Assos, Fortifications

Site: Assos
Type: Fortification
Summary: Well-preserved Hellenistic system of walls and towers
Date: Unknown
Period: Hellenistic

Plan:
The fortifications of Assos enclosed an area of some 55 ha., including the acropolis and the harbor of the city. Two major gateways and seven smaller gates led into the city. One round and many square towers, some still standing to a height of up to 20 m., defended the circuit walls.

History:
The standing portions of the city walls mostly date to the Hellenistic period, but earlier phases are visible in places; some of these probably date back to the Archaic period.

This text is cited Nov 2002 from The Perseus Project URL below, which contains 42 image(s), bibliography & interesting hyperlinks.


Assos, Gymnasium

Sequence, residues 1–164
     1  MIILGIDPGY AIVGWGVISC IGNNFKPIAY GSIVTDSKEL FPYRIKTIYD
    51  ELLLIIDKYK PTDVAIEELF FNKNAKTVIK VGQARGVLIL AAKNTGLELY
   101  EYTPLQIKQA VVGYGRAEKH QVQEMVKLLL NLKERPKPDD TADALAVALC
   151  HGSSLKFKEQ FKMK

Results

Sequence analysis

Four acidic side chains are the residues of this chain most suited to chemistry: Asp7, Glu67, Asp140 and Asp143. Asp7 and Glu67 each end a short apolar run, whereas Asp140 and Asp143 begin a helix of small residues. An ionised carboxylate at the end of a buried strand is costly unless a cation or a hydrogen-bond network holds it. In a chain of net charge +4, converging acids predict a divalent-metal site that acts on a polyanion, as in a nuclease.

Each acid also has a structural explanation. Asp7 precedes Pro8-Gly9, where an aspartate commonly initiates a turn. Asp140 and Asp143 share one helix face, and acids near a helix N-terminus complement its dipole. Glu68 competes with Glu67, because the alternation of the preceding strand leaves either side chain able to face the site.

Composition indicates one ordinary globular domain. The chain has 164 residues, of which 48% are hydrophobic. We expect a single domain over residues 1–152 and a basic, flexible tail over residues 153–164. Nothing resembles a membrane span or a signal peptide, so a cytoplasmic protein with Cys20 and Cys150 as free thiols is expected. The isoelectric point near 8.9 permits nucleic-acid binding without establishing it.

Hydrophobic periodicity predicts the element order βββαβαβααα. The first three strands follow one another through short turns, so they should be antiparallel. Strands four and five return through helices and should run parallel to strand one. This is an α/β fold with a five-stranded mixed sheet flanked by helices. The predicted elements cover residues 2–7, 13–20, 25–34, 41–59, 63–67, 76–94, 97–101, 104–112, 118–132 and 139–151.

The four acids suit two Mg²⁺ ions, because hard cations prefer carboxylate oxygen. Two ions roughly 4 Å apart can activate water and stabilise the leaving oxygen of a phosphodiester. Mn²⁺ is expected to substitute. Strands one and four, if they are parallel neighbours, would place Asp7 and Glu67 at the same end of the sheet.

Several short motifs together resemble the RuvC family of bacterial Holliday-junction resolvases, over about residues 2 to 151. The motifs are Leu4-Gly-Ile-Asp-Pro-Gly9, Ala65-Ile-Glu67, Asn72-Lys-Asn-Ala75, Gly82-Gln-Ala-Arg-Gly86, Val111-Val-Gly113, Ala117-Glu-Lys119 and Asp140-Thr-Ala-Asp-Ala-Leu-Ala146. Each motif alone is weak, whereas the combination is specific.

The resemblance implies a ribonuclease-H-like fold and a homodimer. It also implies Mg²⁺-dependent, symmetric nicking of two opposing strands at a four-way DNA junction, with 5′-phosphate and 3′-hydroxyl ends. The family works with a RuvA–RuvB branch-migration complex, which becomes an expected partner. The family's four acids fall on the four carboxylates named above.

Site: Assos
Type: Gymnasium
Summary: Colonnaded courtyard with rooms; inside the main city gate immediately to the east, between the propylon and the agora.
Date: ca. 200 B.C. - 100 B.C.
Period: Hellenistic

Plan:
Paved courtyard with Doric colonnade. Three rooms adjoining on northeast and a 4th room touching the easternmost of the 3 rooms on its eastern corner. Cistern in southwest corner. Entrance on south of courtyard. Attached triangular court outside of south wall.

History:
Columns of courtyard had no entasis. Remains of Byzantine church in northwest corner of the colonnade, with apse showing on the east.

This text is cited Nov 2002 from The Perseus Project URL below, which contains 5 image(s), bibliography & interesting hyperlinks.


Assos, North Stoa (Lower Story)

Site: Assos
Type: Stoa
Summary: Two-storied Doric stoa; on the north side of the agora.